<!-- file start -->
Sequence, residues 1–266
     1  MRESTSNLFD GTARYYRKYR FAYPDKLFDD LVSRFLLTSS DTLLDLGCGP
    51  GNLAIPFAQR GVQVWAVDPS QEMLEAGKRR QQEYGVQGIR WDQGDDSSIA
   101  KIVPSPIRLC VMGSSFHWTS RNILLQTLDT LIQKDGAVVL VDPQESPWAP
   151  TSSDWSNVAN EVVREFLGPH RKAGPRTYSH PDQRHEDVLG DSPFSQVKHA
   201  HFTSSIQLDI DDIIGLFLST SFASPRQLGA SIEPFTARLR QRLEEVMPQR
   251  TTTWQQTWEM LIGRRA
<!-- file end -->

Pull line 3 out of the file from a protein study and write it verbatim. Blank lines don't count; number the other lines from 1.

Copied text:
    51  GNLAIPFAQR GVQVWAVDPS QEMLEAGKRR QQEYGVQGIR WDQGDDSSIA